The CDC guidance includes advancing HIV prevention research to adapt prevention programs for trans populations. Piloting trans-focused research is a necessary step since existing HIV research studies do not sufficiently address the HIV concerns for the trans community. Current large-scale HIV research studies of HIV prevalence or exploration of new prevention tools, such as PrEP, tend to lump trans women in with men who have sex with men (MSM) and leave trans men and non-binary people hiding in plain sight. Researchers assume that trans women face similar risk as cisgender men who have sex with men and that trans men face similar risk as cisgender women. These assumptions oversimplify the realities of trans health. Trans people do not always have access to the same resources that the general population may have to preventive services or treatment. Trans people partner with and have sex with partners of all different gender identities; and some trans people may face HIV risk from injecting drugs or street hormones rather than their sexual behaviors.
I have found that these unique concerns become a central part of the HIV conversation when trans people are treated as research experts on our community and not just as research subjects. I'm currently working with trans men who have sex with men and some of their larger concerns come from competing priorities unique to transgender people, such as the desire to focus on transition-related care before even thinking about HIV prevention or treatment. Researchers at The Center of Excellence for Transgender Health are currently exploring how gender affirmation (the desire to have one's gender identity socially, legally, and medically recognized) affects HIV risk behavior for transgender women of color. The Transgender Law Center's Positively Trans (T+) project just completed a national needs assessment of trans people living with HIV, specifically looking at the impact that trans-related and HIV stigma have on HIV treatment adherence. These research efforts put trans researchers at the helm and ask critical questions that are not considered crucial in mainstream HIV studies but are absolutely central to how transgender people experience access or barriers to HIV treatment and prevention.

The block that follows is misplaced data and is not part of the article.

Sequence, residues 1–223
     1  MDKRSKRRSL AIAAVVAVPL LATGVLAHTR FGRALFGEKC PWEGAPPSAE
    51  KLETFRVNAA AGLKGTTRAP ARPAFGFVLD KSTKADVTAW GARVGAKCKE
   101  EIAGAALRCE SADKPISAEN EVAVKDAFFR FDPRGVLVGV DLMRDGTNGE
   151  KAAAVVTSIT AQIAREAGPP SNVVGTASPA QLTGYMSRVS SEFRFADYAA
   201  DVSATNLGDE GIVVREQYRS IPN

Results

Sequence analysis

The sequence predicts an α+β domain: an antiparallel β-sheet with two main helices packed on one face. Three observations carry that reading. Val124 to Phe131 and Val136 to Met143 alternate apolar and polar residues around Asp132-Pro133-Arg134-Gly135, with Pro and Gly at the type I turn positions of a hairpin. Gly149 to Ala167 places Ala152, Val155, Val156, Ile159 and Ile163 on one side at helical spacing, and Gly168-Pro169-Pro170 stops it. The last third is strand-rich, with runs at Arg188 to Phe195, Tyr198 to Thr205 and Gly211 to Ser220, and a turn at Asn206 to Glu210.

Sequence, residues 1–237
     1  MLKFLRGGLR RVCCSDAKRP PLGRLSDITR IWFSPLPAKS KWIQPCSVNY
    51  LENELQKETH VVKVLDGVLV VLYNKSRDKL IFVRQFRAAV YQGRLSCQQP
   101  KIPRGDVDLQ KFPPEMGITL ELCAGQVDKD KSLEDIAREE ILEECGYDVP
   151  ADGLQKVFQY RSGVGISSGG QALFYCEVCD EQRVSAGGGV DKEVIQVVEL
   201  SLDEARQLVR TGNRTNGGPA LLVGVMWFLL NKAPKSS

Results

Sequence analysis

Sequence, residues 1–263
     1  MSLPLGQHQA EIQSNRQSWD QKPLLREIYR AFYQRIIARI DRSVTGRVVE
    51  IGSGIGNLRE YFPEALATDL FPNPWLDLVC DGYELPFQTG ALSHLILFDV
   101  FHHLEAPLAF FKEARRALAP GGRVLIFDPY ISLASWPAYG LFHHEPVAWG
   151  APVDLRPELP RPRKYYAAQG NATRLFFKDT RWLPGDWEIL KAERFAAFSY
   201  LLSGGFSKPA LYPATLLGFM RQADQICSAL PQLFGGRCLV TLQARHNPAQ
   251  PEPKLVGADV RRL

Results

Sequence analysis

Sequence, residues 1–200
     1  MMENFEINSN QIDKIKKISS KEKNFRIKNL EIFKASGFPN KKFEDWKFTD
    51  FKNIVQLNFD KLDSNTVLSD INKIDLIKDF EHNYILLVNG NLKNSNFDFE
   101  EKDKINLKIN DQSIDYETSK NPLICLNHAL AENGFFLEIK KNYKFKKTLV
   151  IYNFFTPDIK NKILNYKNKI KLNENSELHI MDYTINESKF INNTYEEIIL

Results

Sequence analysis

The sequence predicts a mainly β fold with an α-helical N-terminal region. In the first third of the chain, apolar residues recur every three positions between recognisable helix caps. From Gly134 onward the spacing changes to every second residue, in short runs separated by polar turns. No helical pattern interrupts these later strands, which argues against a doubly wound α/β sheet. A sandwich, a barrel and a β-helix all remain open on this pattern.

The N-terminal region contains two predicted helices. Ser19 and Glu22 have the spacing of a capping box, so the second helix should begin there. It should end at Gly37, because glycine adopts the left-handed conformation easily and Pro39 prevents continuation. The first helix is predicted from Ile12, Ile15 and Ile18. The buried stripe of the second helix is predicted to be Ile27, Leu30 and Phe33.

Increased and more focused research on trans-specific HIV issues has immense implications for improving the health of trans people. More accurate data can lead to the development of more effective prevention programs, innovative trans-specific approaches to antiretroviral therapy, and demonstrate evolving HIV needs in the trans community going forward.
Our experiences of stigma and discrimination, the stories we tell about the ways we inhabit this world as trans people are real and always have been. Research efforts serve as documentation for what is already happening in our lives and our communities. Conducting research has the power to shift the culture, using data to tell stories and validate the challenges we face as a community. In the coming months, I urge the CDC and the NIH to remember to center trans people in these HIV treatment and prevention research efforts by hiring trans researchers, building into existing trans HIV research, and providing trans community leaders with a seat at the decision-making table.
Because to us, this isn't just research. These are our lives. Let's keep the stories going.
Emmett Patterson is a program associate and trainer at AIDS United.
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This article was provided by AIDS United. Visit AIDS United's website to find out more about their activities and publications.